Back in May I experimented with making my own corn tortillas. They tasted much better than the ones from the store, but rolling out the dough out to a consistent thinness and shape by hand was a bit of a challenge. Over the summer I saw an article about tortilla presses in a local food magazine, and put that on my mental list of things to buy.

I should have transferred my thoughts to a physical list, because it took me until last month to take action on it.  In between Christmas and New Year's, though, Hubby Tony and I made a trip to the "Little Mexico" section of St. Louis on Cherokee Street, and I popped into a market to look at their selection of tortilla presses.
There were four types: plastic, wood, aluminum and cast iron. I quickly decided the plastic models didn't look sturdy, and the wood models were too big to store. That left aluminum (which were shiny silver) and the cast iron (with an electrostatic black coating). I couldn't decide which type to get, so I brought both up to the cashier and asked him which one was better. I suspect his English wasn't very good and he didn't know what I was asking, but when he pointed to the cast iron one I made up my mind.

Today I used the press for the first time.  First I made the dough (a mixture of masa harina, salt, and water), divided it into portions, then rolled the portions into balls. Next I put a piece of plastic wrap on the base of the press, placed a ball of dough in the center of the base, then covered it with another piece of plastic wrap and pulled down the top of the press to smash the ball into a tortilla.

Holy Cow! I ended up with a perfectly flat round. I did it again and again, with the same results. The tortillas got cooked in a hot frying pan for a minute on each side, then piled on a plate.  They tasted great topped with pulled pork, Mexican cole slaw, avocado dressing, and salsa.

And since I still have 2/3 of a bag of masa left, I see more tortilla-making in my future!

Five years ago today: New Thing #9--Popcorn on a String

Friday, January 18, 2013

A Terrible, Horrible, No Good, Very Bad Day

Ever had one of those days? It happened to me yesterday.

  • The first half of the day was OK, but when I left work things went downhill fast. First, the car oil change appointment took fifteen minutes longer than they told me it would. 
  • I left the repair shop to find that traffic on Manchester Road was bumper-to-bumper and the drive home that should have been taken five minutes was doubled.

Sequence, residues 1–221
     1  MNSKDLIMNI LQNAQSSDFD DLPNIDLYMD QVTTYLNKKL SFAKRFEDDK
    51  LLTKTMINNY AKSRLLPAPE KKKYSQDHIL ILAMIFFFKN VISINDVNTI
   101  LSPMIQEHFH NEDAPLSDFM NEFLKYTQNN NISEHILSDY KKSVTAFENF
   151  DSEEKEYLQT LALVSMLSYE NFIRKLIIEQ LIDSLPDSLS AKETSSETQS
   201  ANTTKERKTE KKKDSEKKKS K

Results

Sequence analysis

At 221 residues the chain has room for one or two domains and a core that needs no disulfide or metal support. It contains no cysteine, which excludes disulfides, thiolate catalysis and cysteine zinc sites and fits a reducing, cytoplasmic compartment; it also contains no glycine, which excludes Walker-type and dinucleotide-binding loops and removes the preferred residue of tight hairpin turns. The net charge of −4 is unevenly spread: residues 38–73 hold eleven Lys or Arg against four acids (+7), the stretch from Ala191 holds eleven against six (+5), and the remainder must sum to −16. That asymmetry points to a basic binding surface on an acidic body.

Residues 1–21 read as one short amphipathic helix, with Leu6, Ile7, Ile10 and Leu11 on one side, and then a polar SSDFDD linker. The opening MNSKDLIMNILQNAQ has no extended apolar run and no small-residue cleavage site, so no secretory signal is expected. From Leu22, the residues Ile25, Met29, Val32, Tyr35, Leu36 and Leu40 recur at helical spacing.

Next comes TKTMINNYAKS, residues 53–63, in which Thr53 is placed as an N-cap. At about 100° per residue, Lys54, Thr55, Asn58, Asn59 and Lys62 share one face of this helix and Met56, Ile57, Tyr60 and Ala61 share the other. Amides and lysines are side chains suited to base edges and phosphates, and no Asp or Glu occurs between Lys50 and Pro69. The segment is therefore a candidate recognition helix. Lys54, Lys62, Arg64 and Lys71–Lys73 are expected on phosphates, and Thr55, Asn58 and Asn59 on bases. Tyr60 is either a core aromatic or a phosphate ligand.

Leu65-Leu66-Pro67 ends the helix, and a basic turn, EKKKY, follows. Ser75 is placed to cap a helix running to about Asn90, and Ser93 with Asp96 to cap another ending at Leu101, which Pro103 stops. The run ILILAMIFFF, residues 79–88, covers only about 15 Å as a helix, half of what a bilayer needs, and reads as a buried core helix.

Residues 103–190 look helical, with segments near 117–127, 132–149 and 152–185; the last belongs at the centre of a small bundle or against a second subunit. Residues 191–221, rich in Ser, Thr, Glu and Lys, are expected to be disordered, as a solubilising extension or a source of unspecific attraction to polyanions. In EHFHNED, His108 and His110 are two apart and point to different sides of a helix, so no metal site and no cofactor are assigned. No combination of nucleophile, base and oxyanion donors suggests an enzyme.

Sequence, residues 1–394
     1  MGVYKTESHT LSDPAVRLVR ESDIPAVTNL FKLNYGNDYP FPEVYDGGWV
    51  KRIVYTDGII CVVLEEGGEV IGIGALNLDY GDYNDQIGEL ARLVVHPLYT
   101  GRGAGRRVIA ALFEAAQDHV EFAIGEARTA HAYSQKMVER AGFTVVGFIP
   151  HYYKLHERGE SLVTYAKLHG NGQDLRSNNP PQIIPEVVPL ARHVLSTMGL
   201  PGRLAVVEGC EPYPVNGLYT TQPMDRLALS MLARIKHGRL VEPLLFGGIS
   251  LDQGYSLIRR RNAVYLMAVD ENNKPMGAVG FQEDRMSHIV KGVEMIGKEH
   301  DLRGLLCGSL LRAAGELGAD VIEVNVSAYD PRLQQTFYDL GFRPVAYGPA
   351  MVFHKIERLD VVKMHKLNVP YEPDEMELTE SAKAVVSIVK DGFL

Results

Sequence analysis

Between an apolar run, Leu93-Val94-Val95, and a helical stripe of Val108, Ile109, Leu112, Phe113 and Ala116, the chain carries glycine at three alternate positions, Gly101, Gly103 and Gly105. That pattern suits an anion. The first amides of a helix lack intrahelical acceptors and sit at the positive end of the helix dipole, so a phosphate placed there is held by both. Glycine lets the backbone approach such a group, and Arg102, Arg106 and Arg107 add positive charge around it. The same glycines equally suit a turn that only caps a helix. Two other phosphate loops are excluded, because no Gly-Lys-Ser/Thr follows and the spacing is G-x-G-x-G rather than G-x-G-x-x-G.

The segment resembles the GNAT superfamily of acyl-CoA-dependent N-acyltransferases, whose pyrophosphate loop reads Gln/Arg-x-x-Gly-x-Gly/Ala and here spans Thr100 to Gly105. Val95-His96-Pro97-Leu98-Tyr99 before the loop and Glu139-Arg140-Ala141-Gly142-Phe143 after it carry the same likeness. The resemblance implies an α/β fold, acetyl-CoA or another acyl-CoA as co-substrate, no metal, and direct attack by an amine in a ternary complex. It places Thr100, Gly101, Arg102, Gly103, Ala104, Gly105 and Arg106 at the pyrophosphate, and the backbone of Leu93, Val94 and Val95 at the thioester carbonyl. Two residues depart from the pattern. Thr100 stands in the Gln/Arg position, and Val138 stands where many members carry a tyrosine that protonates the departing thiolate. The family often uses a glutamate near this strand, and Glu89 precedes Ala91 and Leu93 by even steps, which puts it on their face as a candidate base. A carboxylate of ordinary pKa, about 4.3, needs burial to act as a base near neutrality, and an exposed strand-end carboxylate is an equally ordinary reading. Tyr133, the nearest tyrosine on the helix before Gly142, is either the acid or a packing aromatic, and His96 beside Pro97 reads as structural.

• When I got home the cats huffily announced I was late getting them their food.  
  • After feeding the cats (who didn't even offer a thank you) I checked on the pot of beans I started soaking after breakfast, and discovered I hadn't put enough liquid in; the halfway-rehydrated  top layer stared back at me accusingly.  It would now take longer to cook and I planned on having beans with ham for dinner.
  • While the beans were cooking I had a forty-five minute online chat with a Tech Support representative to clear up a computer issue and discovered it wasn't the hardware; I was at fault.
  • Because I was busy on the phone I didn't quarterback the beans properly.  Even though the few I tested before I served them were done, some of them in the bowl I had for dinner were a little hard.
  • After dinner I tried to make some changes to the contacts in my email address book, only to be told "it wasn't available at this time" and I should try again later.
  • I figured some exercise might restore me to sanity, so I threw on some warm clothes and got ready to take a walk. The wires to my mp3 headphones got tangled up in my ear-warmer headband; all of a sudden I was trying to strangle myself!

That did it!  Right in the middle of the kitchen I threw a tantrum.  I shrieked, threw the headphones, and pounded the counter top (which is granite and hurt my hand), then apologized to Hubby Tony and the cats and sent myself to my room.  I ran a nice hot bath, poured in some bath oil, then sat in the water until my toes started pruning.  Afterwards I put on my night clothes and came downstairs to sit on the couch.

 Pepper the cat stretched out on my lap.  That, and a bowl of chocolate ice cream, made it all better.